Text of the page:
"In our legend, there is a being - a figure from another planet who came to Skaro when the Thals were in their greatest peril... in something called... a TARDIS!"
IN THIS ONE... The TARDIS lands on Spiridon, the Doctor has a concussion, and the Jo gets spritzed by a gross mushroom. Plus, not only Daleks, but Thals too.
REVIEW: Terry Nation is back writing for the program after more than 7 years, and he's brought his old obsessions with him, giving this serial a seriously retro feel. The TARDIS is once again a spaceship as it was in the Hartnell days, with bedrooms, and rather awkwardly, an air supply. Nation was always doing stuff like this, introducing some TARDIS system or accessory in each serial, features usually ignores by later writers. And they're right to do so. Nation's idea of the TARDIS is resolutely low-tech and far from the pocket dimension the program already suggests it to be. He's also got a dangerous jungle and the old, impossibly silly notion of creatures who have evolved the trait of true invisibility. It's the secret of this piece of scientific nonsense the Daleks are after. Yeah, it's got little to do with their scheme to set the Earth and Draconian Empires against one another, more or less ignoring its own set-up. Basically, the Time Lords remote pilot the TARDIS to the planet acting as the Daleks' actual staging ground, and that's all the connection you need.
Though this isn't Skaro, there is nonetheless a pleasant feeling of déjà vu if one has seen the original Daleks serial. The scanner's black and white pan across the lush jungle is in fact very reminiscent of The Daleks. In color, the jungle looks lush and claustrophobic, wet and sticky (certainly those fungus spewing plants - do they look like little Daleks to anyone else? - give the place its own unique flavor), and lit in stark greens and purples. The plot thread of a young female companion on her own and followed by a creepy, but well-meaning native is also from the original story, with a disgusting fungus replacing radiation as an environmental threat. Nation is a notorious recycler, but in this case, it feels like 10th Anniversary call-back, not a cheap retread. And unlike the highly convenient (and never seen) historical encounter between the Doctor and the Draconians that serves as psychic paper in Frontier in Space, the Doctor's first encounter of the Thals on Skaro DID happen on screen, and he thoroughly deserves their trust. Even felt a bit of a squee moment coming on when the Doc mentioned Ian, Barbara and Susan, as much as when classic characters get referenced on the new series today.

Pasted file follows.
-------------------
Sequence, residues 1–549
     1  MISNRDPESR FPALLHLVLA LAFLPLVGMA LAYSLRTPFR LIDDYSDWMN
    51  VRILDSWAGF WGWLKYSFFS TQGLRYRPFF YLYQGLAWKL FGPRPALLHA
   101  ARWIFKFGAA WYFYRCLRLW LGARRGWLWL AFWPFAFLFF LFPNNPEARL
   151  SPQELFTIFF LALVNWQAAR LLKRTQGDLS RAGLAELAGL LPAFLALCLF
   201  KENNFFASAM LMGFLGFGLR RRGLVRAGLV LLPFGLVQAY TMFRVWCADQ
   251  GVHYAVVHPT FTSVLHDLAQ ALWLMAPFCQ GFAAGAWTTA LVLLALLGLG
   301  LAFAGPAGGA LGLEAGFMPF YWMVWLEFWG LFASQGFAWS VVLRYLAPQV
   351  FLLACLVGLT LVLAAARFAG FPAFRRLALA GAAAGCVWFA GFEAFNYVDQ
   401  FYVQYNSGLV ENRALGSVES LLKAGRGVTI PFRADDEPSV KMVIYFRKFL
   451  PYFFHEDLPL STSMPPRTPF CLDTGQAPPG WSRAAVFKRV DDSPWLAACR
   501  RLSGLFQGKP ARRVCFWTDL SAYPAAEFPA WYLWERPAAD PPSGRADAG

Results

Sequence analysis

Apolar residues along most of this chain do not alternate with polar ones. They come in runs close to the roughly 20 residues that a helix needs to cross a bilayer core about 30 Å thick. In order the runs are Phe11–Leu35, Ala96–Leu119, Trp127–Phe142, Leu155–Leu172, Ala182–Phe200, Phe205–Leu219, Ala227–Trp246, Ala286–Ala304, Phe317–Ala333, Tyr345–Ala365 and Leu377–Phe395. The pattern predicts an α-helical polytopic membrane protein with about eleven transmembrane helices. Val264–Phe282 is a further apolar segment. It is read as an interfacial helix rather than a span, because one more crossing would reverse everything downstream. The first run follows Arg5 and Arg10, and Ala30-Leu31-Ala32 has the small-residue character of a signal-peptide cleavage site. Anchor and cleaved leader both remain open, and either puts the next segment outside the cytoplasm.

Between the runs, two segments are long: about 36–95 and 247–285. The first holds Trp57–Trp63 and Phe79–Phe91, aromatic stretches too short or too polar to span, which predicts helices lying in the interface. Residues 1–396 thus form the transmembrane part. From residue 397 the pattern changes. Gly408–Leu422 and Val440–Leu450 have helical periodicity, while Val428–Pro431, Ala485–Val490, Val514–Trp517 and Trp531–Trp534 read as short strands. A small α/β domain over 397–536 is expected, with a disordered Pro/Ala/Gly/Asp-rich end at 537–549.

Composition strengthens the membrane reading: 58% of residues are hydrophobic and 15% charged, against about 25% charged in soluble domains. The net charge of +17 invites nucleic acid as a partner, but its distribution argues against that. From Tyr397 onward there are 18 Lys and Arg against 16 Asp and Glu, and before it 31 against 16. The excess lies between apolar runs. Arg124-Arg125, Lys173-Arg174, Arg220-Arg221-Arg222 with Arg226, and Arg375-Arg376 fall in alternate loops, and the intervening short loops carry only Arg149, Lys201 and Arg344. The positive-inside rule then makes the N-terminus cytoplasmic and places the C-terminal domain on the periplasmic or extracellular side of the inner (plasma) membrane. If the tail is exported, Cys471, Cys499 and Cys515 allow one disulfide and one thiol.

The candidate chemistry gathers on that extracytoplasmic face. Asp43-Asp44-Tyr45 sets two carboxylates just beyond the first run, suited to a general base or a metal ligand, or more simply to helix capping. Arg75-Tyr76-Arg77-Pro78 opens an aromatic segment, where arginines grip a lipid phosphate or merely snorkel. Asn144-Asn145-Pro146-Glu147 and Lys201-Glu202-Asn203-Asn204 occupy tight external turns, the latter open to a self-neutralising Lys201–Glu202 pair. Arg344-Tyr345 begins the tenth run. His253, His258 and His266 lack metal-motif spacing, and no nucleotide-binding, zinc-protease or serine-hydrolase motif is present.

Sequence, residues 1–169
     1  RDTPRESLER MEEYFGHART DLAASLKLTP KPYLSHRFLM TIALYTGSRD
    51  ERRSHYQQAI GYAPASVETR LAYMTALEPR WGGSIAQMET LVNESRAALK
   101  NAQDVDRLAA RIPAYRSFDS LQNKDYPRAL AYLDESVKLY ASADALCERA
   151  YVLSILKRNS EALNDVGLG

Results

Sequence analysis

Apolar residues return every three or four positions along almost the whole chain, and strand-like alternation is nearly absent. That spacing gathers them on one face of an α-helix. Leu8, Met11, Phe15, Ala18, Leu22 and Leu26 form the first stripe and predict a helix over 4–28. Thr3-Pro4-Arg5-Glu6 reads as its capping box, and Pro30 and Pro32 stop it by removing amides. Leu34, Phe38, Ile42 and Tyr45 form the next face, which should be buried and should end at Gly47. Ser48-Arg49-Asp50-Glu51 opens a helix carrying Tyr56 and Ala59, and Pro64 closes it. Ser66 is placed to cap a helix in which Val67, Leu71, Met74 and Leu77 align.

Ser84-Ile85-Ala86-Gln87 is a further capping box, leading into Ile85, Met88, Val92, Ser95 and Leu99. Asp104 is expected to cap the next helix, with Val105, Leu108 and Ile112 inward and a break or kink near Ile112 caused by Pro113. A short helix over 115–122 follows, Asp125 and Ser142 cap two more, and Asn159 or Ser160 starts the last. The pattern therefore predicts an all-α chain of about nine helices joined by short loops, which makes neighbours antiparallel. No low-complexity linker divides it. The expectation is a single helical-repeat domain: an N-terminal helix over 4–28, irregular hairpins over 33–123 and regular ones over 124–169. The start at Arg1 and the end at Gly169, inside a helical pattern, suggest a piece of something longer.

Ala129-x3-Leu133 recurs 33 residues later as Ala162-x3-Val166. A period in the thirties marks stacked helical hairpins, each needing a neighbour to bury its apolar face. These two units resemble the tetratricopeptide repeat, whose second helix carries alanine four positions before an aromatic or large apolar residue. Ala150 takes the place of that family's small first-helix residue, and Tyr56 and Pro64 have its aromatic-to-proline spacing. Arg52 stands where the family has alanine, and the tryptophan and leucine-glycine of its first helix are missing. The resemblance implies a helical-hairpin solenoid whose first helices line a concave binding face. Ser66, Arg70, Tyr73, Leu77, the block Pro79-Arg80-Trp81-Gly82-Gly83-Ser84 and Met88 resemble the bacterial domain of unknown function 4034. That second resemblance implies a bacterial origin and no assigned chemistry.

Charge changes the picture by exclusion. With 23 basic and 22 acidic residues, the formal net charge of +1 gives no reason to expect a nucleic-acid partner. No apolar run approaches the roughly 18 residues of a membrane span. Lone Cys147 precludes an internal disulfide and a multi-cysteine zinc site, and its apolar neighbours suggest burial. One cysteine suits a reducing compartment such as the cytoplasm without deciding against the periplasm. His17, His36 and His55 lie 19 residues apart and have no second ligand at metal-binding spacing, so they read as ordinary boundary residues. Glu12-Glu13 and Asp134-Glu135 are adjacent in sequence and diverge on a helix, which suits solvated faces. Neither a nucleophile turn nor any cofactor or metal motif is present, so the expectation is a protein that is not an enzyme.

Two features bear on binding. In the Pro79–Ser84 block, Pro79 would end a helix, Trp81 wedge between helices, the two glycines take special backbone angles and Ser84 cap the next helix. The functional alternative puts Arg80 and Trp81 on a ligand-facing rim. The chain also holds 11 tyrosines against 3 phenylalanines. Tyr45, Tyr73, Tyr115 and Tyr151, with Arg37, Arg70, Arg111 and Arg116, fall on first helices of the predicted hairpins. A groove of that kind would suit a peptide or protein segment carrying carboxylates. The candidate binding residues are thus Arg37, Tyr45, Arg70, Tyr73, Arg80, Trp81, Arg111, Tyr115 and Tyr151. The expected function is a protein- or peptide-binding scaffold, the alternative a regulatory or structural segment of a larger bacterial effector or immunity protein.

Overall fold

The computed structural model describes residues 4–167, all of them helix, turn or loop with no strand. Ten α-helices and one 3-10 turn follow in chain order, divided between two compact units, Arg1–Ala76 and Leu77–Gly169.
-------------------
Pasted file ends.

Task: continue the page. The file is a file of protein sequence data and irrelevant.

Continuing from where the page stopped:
The Doctor's head wound suffered at the hands of the Master in the previous episode - an almost-victory the villain isn't there to enjoy - seems a lot more severe in effect than that small graze on his forehead would suggest. He almost dies, Jo can't find a pulse, and frost starts to show up on his skin! You'd almost think he was about to regenerate, but perhaps some cryogenic feature of his TARDIS bed slows down the energy building inside him and saves him from turning into Tom Baker prematurely. Jo is then left to talk to a cassette tape for the next 10 minutes, until she meets the Thals led by Bernard Horsefall's Taron (his numerous roles on Who to date are starting to draw attention to themselves). Except for the Doctor's absence through half the episode, the plot is fairly straightforward fare that keeps the Doctor and companion apart, Jo in jeopardy, and the boys to carry on with the adventure. I do question, however, the Doctor's surprise at seeing the Daleks revealed at the end since he's just called the Time Lords to get help against the tin-plated monsters.
REWATCHABILITY: Medium - Rather old-fashioned in approach, but that's not necessarily a bad thing. A fun wink to the show's past is welcome in this celebratory season, though yeah, I could have done without the revelations about the TARDIS.